But modern religious rationalism—from the Averroists of the late Middle Ages, through the humanists of the Reformation and the philosophes of the Enlightenment, to 20th-century evolutionists—mutilates by its negations the power of reason to range beyond finite personality and the natural world. The present narrow form of this doctrine is scientism, which teaches that the natural sciences study all of reality and that their methods are the only valid way to knowledge.
As involving practical conflicts between Church authorities and those who confuse scientific method with metaphysics, rationalism is itself an ideology finding expression in a sustained war on prevailing creeds and institutions, whether these be Catholic, Protestant, or Jewish. English deists such as J. locke, whose influence still is felt in freemasonry, and French encyclopedists such as P. bayle and voltaire personify this ideology. These men were committed to eliminating from Christianity, in the name of sovereign reason, whatever was above human comprehension. Biblical accounts of creation, God's dealings with the Jews, miracles, the Incarnation, the Resurrection, prayer, providence, and a divine teaching authority in the Church were all refused credence. In Germany and France the enlightenment (Ger. Aufklärung, or clearing up) aimed at banishing all mystery and the supernatural, specializing in the application of restricted standards of reason to art, literature, and political and social activity. On Nov. 10, 1793, this practical doctrinaire rationalism culminated in the French National Convention's selecting a Madame Maillard to represent the goddess of reason and enthroning her in the Cathedral of Notre Dame in Paris—designated for a time as the Temple of Reason.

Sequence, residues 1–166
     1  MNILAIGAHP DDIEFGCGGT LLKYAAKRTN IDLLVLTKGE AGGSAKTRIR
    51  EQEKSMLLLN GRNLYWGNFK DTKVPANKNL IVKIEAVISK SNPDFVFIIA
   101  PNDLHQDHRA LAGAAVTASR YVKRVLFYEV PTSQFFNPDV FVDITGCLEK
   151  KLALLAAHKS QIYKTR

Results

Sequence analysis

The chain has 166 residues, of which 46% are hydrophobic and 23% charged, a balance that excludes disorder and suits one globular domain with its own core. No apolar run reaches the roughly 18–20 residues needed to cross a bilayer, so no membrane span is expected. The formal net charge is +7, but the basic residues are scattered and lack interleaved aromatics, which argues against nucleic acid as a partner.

By the end of the 1800s, antireligious rationalism manifested itself in various forms of naturalism, positivism, scientism, secularism, and materialism. In a less sophisticated form it still survives as a kind of folklore tradition that (1) reason in an age of science has demolished all forms of spiritual and supernatural reality and knowledge; (2) only rationalism inspires hatred of hypocrisy and teaches moral and intellectual honesty, inspiring courage in the fight for social justice; and (3) only those who deny Christianity, and embrace atheism are true rationalists.